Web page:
LAS VEGAS – EM recently completed cleanup of a 1963 plutonium dispersion test site just north of the Nevada National Security Site (NNSS), capping more than 20 years of hard work and cross-agency collaboration.
It was the first time EM completed environmental characterization and remediation of a plutonium dispersion site on the Nevada Test and Training Range (NTTR) as outlined in the Federal Facility Agreement and Consent Order (FFACO). The cleanup at the site known as Double Tracks also meets U.S. Air Force (USAF) land-use requirements (not releasable to or accessible by the public) and allows for less restrictive management of the sites.
“The completion of Double Tracks is a reflection of the success and value of collaboration that occurred at all stages to work through the process,” DOE Nevada Field Office (NFO) Environmental Management Operations Manager Rob Boehlecke said. “This decades-long effort was achieved through the collaborative efforts of NFO federal and contractor staff, State of Nevada Division of Environmental Protection, and the U.S. Air Force. And the benefits of this collaboration will continue as we work toward completion at other sites in the future.”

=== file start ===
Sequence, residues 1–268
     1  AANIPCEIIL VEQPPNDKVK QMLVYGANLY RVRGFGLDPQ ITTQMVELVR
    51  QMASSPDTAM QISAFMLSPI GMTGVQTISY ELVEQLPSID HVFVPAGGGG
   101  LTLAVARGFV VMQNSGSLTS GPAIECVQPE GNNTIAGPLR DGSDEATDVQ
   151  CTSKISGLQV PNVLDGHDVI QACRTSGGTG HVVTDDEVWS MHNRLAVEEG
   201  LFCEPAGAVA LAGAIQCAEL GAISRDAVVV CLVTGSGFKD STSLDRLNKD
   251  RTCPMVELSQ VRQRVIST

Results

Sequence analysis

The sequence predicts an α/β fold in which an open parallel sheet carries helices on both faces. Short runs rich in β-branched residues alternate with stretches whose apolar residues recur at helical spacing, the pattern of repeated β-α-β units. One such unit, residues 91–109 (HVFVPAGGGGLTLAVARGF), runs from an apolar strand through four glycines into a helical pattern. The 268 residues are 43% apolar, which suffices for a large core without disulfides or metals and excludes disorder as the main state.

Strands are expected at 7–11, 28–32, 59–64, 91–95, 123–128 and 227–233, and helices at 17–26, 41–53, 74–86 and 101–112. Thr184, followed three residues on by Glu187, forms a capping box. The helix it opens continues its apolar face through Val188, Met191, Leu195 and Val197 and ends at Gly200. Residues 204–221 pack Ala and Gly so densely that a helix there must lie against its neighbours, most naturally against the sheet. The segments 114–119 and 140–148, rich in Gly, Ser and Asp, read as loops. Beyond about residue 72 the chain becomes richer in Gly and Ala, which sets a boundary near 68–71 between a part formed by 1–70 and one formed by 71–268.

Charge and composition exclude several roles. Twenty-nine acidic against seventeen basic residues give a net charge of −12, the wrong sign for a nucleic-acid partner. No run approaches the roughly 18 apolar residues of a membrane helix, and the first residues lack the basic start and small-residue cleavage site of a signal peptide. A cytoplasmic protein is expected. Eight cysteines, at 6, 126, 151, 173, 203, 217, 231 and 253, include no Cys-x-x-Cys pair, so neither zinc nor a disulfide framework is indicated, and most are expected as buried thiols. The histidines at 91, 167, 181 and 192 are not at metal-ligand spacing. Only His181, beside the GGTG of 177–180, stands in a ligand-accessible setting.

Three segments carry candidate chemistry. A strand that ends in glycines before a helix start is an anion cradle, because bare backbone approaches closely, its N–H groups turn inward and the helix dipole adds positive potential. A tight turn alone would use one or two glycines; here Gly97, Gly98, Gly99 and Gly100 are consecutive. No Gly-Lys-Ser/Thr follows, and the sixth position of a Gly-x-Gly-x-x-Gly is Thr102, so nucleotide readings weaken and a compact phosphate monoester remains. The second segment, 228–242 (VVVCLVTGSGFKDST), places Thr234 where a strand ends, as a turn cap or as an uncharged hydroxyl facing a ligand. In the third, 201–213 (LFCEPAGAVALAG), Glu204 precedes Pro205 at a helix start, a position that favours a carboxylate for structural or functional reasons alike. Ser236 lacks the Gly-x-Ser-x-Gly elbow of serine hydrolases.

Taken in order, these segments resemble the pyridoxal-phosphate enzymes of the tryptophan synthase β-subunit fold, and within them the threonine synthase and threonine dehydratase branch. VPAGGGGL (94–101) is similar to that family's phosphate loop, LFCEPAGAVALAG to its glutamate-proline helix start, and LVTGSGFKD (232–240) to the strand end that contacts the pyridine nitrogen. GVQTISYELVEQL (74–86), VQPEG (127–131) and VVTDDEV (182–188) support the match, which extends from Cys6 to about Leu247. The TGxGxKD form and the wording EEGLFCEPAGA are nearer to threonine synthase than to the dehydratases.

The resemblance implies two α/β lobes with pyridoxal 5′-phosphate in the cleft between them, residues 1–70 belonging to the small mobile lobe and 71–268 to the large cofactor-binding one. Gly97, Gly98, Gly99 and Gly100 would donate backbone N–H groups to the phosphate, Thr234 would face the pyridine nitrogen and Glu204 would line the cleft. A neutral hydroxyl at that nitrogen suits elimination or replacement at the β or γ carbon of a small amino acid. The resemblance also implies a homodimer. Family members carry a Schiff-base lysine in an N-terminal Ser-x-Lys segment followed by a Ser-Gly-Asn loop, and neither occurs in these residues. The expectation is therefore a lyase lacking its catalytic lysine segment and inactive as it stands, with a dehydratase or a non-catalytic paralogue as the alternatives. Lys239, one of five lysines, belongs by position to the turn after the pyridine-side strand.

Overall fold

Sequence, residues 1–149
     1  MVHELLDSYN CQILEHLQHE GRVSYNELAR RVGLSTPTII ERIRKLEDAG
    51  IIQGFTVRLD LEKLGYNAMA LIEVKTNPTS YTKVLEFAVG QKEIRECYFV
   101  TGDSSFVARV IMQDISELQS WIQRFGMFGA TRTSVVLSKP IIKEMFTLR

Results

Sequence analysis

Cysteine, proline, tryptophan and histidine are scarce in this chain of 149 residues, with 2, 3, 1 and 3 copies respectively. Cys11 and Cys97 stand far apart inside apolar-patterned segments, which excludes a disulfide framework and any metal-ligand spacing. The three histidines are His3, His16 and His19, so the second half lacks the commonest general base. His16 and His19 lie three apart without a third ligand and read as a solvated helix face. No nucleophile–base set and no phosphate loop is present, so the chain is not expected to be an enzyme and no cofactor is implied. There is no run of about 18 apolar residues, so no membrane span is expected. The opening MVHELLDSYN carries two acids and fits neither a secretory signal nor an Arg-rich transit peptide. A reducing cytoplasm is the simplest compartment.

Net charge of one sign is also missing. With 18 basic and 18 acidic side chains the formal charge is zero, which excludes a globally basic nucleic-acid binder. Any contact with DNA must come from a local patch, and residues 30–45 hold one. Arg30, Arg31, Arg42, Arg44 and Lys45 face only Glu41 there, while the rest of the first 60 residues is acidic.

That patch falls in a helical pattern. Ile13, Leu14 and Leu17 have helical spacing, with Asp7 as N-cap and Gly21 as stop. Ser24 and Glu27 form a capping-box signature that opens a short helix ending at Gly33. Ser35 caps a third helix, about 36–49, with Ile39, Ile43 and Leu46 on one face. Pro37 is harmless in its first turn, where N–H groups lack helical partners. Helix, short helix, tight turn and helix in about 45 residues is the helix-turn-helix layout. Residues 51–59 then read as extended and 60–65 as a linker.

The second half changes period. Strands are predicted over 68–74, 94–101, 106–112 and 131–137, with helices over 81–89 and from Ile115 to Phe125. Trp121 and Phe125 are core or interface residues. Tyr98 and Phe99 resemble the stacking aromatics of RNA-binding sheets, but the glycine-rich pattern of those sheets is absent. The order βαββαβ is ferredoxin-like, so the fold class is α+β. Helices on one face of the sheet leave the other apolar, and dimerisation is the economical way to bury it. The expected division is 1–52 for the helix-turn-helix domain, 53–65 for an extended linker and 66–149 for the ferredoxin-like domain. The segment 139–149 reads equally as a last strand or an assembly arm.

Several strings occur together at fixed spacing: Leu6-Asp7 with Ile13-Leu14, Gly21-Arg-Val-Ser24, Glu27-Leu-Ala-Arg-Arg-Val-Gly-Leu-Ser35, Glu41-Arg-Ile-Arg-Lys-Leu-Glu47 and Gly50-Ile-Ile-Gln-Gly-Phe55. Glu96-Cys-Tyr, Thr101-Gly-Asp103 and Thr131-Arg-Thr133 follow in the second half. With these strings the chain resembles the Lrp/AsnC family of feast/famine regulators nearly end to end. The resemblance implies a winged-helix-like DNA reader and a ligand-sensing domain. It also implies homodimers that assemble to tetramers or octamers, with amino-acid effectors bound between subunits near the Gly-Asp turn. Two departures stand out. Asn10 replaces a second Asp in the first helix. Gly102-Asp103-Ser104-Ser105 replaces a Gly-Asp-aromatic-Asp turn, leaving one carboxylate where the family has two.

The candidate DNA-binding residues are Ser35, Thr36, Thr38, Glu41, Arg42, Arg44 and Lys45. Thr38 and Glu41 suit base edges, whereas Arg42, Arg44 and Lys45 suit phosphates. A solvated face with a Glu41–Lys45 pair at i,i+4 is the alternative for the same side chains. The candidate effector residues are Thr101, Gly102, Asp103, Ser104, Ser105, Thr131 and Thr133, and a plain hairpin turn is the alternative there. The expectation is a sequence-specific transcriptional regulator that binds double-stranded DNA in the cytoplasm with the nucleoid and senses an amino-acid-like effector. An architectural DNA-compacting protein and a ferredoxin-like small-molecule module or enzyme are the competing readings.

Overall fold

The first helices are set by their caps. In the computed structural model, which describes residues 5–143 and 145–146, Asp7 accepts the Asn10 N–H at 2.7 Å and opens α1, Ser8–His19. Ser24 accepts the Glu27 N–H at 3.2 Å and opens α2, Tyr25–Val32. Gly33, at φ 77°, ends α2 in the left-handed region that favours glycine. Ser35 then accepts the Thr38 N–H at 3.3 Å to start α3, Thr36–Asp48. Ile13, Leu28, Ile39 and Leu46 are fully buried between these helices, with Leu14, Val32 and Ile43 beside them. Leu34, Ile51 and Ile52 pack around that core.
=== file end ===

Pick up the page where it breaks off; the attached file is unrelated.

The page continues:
Completing the cleanup highlights the successful collaboration between DOE and its key stakeholders.
“This closure is an important step in continuing the cleanup efforts of the DOE EM program, but it couldn't happen without great working relationships with the Nevada Division of Environmental Protection and the U.S. Air Force,” said DOE NFO Soils Activity Lead Tiffany Lantow. “Those relationships make it possible to discuss options and information and work together towards a single goal.”
DOE is responsible for remediating sites with legacy contamination resulting from historic nuclear research and testing at the NNSS and NTTR, including the Tonopah Test Range. The completion of this environmental restoration mission is governed by the FFACO, a legally binding agreement between the DOE, State of Nevada, and Department of Defense (DoD) establishing a framework for identifying, prioritizing, investigating, remediating and monitoring the contaminated sites.
Operation Roller Coaster was a joint exercise between the DoD, Atomic Energy Commission and United Kingdom on USAF land at the NTTR in 1963. The project consisted of four conventional explosive detonations of nuclear devices designed to determine if nuclear weapons could be accidentally set off and produce a nuclear yield.
The devices were detonated at four sites: Double Tracks and Clean Slate I, II, and III, and proved that accidental yield-producing nuclear detonations would not occur. However, soil in the area was contaminated as a result of the experiments. For more information on Double Tracks and other historical plutonium dispersal tests, click here. For more information on the different NFO EM programs, click here.